(The season didn't go completely wrong for Washington State. The Cougars did beat rival Washington in the Apple Cup. Mike Leach's postgame speech is above.)
Washington State (3-9, 1-8 Pac-12)
Expectations: With a first-year coach taking over a program that went 4-8 in 2011, people in Pullman weren't exactly expecting a Rose Bowl berth. In the Pac-12 preseason poll, the media picked Mike Leach's Cougars to finish fifth in the Pac-12 North, ahead of only Oregon State.
What went wrong: Leach's Air Raid offense is known mainly for two things: throwing the ball non-stop and scoring a ridiculous amount of points. That's what worked for Leach at Texas Tech and that's what Cougars fans hoped he would bring to WSU. What went wrong for the Cougars this season is that the scoring points part of the equation didn't happen. Washington State only averaged 20.4 points per game, the lowest total in Leach's 11-year coaching career. In Leach's final two seasons at Texas Tech (2008 and 2009), the Red Raiders were seventh and third in the country in scoring. This year, the Cougars finished 108th.
When it went wrong: The season didn't really go wrong at any point, but the opener against BYU was definitely an eye-opener for Washington State fans who thought the Cougars would compete right using Leach's Air Raid offense. Against BYU, Washington State only scored six points and failed to score a touchdown for only the third time in Leach's 11-year career. Leach's fourth career game without a touchdown also happened in 2012 in a 19-6 October loss to Oregon State.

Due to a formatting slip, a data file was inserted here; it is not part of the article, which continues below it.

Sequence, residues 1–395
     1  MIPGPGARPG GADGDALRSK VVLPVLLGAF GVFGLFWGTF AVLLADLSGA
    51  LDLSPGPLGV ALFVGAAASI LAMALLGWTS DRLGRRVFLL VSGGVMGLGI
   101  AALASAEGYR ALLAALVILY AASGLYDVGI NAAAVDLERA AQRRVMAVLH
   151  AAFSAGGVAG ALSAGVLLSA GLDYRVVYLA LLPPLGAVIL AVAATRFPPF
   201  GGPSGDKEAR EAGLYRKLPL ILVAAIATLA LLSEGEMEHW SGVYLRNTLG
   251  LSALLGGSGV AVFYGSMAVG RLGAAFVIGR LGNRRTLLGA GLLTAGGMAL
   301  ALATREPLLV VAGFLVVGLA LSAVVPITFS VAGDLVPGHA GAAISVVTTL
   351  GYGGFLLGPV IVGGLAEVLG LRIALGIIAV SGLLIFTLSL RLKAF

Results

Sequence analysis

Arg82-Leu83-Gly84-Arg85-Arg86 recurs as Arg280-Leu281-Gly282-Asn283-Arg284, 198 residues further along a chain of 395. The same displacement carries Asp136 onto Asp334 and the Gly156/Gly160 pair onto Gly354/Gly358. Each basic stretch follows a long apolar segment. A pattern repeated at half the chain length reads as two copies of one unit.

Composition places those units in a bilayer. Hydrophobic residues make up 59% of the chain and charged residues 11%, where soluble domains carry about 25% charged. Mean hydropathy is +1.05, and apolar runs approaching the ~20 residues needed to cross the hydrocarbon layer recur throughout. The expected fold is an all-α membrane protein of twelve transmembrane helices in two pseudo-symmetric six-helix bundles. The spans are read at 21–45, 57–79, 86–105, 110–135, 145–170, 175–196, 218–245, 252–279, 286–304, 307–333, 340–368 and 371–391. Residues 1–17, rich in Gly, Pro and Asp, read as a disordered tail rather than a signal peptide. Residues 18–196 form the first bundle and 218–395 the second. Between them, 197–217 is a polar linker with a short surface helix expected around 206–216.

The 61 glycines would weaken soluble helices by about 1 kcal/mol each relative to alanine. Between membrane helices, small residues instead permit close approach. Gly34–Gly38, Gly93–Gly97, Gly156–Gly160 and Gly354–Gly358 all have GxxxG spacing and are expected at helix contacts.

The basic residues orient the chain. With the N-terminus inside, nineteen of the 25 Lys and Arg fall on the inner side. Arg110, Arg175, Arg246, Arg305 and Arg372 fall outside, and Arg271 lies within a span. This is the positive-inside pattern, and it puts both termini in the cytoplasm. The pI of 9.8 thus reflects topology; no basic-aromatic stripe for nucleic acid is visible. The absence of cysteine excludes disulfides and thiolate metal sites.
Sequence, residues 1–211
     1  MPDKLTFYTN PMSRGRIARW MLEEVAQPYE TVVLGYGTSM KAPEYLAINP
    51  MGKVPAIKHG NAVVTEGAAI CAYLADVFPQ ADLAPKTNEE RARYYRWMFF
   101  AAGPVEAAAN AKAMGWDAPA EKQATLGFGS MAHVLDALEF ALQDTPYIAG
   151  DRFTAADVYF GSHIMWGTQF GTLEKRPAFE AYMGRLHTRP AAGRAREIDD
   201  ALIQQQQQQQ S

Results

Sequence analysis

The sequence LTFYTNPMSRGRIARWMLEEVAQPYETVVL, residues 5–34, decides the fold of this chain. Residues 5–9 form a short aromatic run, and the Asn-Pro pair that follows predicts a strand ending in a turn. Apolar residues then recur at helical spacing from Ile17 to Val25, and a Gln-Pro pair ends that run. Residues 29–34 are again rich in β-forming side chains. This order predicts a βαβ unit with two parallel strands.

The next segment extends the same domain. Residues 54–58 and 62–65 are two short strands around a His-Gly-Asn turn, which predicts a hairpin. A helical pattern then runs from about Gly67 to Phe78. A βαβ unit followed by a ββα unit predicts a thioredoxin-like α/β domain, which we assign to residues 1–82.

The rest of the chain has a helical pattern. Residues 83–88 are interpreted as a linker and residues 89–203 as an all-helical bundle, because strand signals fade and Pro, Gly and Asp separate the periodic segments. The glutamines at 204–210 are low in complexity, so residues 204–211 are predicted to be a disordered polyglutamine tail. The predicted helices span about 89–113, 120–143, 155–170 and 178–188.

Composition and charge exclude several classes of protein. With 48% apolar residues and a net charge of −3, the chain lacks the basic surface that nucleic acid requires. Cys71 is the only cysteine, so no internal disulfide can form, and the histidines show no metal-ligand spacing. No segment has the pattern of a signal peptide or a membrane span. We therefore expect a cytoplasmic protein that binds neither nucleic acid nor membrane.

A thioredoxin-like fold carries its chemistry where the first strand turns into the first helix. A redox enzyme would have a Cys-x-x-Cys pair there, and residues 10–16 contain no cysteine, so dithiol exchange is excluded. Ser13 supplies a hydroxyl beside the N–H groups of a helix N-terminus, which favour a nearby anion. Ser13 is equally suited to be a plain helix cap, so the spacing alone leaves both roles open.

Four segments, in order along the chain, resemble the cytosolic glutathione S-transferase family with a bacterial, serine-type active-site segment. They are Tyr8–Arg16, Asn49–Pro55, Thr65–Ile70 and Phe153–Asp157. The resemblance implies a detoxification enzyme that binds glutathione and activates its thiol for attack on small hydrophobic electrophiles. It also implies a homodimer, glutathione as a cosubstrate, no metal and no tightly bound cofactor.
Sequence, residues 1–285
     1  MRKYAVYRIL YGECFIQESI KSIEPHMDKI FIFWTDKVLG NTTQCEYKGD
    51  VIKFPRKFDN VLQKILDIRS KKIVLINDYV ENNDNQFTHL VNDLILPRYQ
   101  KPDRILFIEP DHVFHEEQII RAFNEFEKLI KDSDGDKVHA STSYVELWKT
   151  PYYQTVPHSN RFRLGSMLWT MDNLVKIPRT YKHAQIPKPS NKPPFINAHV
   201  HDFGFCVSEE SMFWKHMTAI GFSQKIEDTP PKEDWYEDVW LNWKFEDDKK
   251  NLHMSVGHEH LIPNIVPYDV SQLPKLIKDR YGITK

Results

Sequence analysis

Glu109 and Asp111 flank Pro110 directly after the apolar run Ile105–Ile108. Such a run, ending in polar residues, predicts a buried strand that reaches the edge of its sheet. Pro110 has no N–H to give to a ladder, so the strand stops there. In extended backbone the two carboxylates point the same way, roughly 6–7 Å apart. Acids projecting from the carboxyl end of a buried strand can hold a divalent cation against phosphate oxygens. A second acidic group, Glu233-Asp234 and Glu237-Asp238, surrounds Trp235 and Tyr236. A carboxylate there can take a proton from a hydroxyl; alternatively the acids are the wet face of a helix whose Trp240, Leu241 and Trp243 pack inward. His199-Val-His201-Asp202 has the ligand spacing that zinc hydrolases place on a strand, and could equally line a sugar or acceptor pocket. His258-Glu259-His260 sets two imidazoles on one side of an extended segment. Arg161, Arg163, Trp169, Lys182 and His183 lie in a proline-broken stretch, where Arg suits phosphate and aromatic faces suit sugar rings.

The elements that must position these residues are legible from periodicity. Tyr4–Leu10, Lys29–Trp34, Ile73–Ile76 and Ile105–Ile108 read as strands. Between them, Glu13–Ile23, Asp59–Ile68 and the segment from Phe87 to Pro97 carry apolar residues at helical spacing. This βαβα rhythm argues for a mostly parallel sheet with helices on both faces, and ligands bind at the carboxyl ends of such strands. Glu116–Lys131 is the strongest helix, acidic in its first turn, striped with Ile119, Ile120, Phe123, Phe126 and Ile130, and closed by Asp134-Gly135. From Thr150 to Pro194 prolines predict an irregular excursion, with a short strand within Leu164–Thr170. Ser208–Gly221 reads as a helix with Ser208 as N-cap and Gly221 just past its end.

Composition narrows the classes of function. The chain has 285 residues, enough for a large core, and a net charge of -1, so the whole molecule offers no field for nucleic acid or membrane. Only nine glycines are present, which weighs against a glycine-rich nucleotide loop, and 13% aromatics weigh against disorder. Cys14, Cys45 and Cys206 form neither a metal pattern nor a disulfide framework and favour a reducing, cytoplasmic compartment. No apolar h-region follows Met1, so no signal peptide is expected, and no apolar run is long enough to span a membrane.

Biggest overall disappointment: WR Marquess Wilson. The Air Raid is an offense Wilson should have thrived in -- and he did to some extent -- but he ended up being more of a sideshow than anything else. Wilson is the school's all-time leading receiver, and he could have helped WSU's younger receivers pick up the offense. Instead, he quit the team midway through the season and accused the coaching staff of abuse. In a receiver-oriented offense, it's obviously never a good thing to have your leading receiver quit.
Bright spot: The 2012 season had one big, gigantic bright spot and that was the Cougars win over rival Washington in the season finale. Few people gave WSU a chance to win this game and even fewer people gave the Cougars a chance to win when they trailed 28-10 going into the fourth quarter. However, QB Jeff Tuel engineered an improbable 18-point fourth quarter comeback to send the game into overtime, and kicker Andrew Furney won it with a 27-yard field goal.
2013 outlook: Washington State fans should feel good about the 2013 season. Although Tuel doesn't return, quarterback Connor Halliday, who threw for 1,878 yards in 2012, will be back. The offense will have a year of running the Air Raid under its belt, which should make for a more consistent performance next season. WSU should be loaded at the wide receiver position, where they return five of their six leading receivers. All five of the returnees were either freshmen (Gabe Marks, Dominique Williams, Brett Bartolone) or sophomores (Isiah Myers, Bobby Ratliff) this season. The only thing Cougar fans may want to worry about is defense, but Leach hasn't worried about it too much in his coaching career, so maybe Washington State fans don't need to worry about it either.
Four Pac-12 teams didn't make a bowl game, read about "what went wrong" at the other three schools here: